A cloud atlas is a pictorial key to the nomenclature of clouds. Early cloud atlases were an important element in the training of meteorologists and in weather forecasting, the author of a 1923 atlas stated that "increasing use of the air as a means of transportation will require and lead to a detailed knowledge of all the secrets of cloud building." Throughout the 19th century nomenclatures and classifications of cloud types were developed, followed late in the century by cloud atlases. The first nomenclature of clouds in English, by Luke Howard, was published in 1802, it followed a similar effort in French by Jean-Baptiste Lamarck in 1801. Howard's nomenclature defined four fundamental types of clouds: cirrus or thread-cloud, cumulus or heap-cloud, stratus or flat cloud, nimbus or rain-cloud. There followed a long period of development of the field of meteorology and the classification of clouds, leading up to 1896, the International Year of Clouds; the history of this period is the subject of The Invention of Clouds.
During that time, the Englishmen Rev. Clement Ley and Hon. Ralph Abercromby, were influential. Both men died. Ley wrote a book, well known to meteorologists. Abercromby contributed a number of papers on the subject, stressing the most important fact that clouds are the same everywhere in the world, he wrote in collaboration with Hugo Hildebrand Hildebrandsson a detailed classification of clouds. This was adopted in Hildebrandsson's 1890 Cloud Atlas. In 1891 the International Meteorological Conference at Munich recommended the classification of Abercromby and Hildebrandsson. In 1896 another International Meteorological Conference was held, in conjunction with it was published the first International Cloud Atlas, it was a political and technical triumph, an immediate de facto standard. The scientific photography of clouds required several technical advances, including faster films and sufficient contrast between cloud and sky, it was Albert Riggenbach who worked out how to increase the contrast by using a Nicol prism to filter polarized light.
Others learned to achieve similar results using mirrors or lake surfaces, selectively photographing in certain parts of the sky. Many subsequent editions of International Cloud Atlas were published, including editions in 1906 and 1911. In this interval several other cloud atlases appeared, including M. J. Vincent's Atlas des Nuages in 1908 in the Annales of the Royal Observatory, Volume 20, it was based on the 1906 International Cloud Atlas, but with additions, it classified the clouds into three group by height of the cloud base above ground: lower, upper. The 1890 Cloud Atlas is the first known cloud atlas and book of this title, by Hildebrandsson, Wladimir Köppen, Georg von Neumayer, it was an expensive quarto book of chromolithographs reproducing 10 color oil paintings and 12 photographs for comparison, was designed to explore the advantages and disadvantages of photography for the scientific illustration of cloud forms. Its printing was limited but as a proof of concept it was a great success, leading directly to the International Cloud Atlas.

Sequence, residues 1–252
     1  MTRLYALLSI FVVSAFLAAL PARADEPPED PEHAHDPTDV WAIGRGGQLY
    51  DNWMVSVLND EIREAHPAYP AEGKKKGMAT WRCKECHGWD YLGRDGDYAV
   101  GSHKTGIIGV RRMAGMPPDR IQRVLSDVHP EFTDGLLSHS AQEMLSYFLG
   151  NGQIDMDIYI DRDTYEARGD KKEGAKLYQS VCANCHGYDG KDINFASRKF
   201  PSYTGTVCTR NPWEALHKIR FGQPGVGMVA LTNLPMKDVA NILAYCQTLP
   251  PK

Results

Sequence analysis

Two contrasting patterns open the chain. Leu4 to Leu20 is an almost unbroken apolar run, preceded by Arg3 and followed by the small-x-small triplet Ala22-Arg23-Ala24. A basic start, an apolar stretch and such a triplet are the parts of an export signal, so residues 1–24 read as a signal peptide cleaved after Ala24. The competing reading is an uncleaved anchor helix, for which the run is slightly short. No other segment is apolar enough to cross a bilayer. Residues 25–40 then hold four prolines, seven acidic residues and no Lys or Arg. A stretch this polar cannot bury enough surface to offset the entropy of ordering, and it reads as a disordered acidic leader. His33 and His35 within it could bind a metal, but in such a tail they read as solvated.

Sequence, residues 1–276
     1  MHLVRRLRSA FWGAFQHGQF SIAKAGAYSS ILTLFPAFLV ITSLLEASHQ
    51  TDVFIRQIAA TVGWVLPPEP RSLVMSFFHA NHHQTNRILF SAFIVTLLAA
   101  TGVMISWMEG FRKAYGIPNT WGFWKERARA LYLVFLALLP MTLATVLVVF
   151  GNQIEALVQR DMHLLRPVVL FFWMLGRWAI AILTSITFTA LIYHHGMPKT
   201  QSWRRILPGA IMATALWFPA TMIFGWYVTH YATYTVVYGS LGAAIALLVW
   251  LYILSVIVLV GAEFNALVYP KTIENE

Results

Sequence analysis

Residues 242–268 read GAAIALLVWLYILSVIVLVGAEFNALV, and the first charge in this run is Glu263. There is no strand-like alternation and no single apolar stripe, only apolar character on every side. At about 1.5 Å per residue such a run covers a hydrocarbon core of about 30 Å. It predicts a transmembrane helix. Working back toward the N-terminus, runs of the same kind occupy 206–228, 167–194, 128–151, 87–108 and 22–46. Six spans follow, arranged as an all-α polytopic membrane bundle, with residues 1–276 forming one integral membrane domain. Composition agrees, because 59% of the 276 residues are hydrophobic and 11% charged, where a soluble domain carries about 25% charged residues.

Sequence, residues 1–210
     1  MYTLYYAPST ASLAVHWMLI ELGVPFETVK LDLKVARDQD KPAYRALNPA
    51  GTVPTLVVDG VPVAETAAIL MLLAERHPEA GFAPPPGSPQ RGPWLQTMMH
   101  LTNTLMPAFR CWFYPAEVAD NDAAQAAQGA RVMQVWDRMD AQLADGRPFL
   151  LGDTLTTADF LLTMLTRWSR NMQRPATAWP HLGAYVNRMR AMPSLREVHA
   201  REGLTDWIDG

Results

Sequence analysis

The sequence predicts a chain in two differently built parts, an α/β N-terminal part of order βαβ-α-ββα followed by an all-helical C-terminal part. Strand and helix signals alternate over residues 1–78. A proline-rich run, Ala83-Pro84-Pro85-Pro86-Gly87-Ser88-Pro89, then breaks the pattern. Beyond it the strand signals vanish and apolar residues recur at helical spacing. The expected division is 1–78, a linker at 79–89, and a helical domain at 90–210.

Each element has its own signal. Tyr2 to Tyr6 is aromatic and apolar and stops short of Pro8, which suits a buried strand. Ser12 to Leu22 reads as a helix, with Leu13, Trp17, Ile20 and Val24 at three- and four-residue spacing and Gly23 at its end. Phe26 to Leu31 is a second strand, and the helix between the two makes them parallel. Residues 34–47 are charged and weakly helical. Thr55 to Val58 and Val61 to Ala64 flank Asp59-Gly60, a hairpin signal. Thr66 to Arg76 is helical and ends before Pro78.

The first International Cloud Atlas was published in 1896. This was prepared by Hildebrandsson and Leon Teisserenc de Bort, members of the Clouds Commission of the International Meteorological Committee, it consists of color plates of clouds photographs but some paintings, text in French and German. The plates were selected from among 300 of the best color photographs of clouds provided by members of the commission; the atlas has remained in print since in multiple editions. Classification List of cloud types Timeline of meteorology WMO International Cloud Atlas 2017 Cloud Atlas at Clouds-Online.com Cloud Atlas at Pennsylvania State University Houze'sCloud Atlas at University of Washington Online Cloud Atlas at University of Missouri-Columbia Cloudman's Mini Cloud Atlas: The 12 Basic Cloud Classifications Cloud Atlas For In-Flight Spotters
Luciano Benetton is an Italian billionaire businessman, one of the co-founders of Benetton Group, the Italian fashion brand. He served as the chairman of Benetton from 1978 to 2012. Luciano Benetton was born on 13 May 1935 in Italy, his father had a small business and following his death, Benetton dropped out of school at the age of 14 to work in a clothing shop. He saved money to buy a $200 knitting machine and teamed up with his sister to produce a collection of twenty pieced of yellow and pale blue sweaters. In 1965, together with his siblings, Giuliana Benetton, Carlo Benetton and Gilberto Benetton, he founded Benetton Group. In 1992, he was elected to the Italian Senate. In 2003, he announced that his family is stepping down from running the company, due to decreasing sales and increased competition. In May 2015, Forbes estimated the net worth of Luciano Benetton and each of his three siblings at US$2.9 billion. He is married with four lives in Treviso, Italy, his son, Alessandro Benetton chaired Benetton Group from April 2012 to May 2014.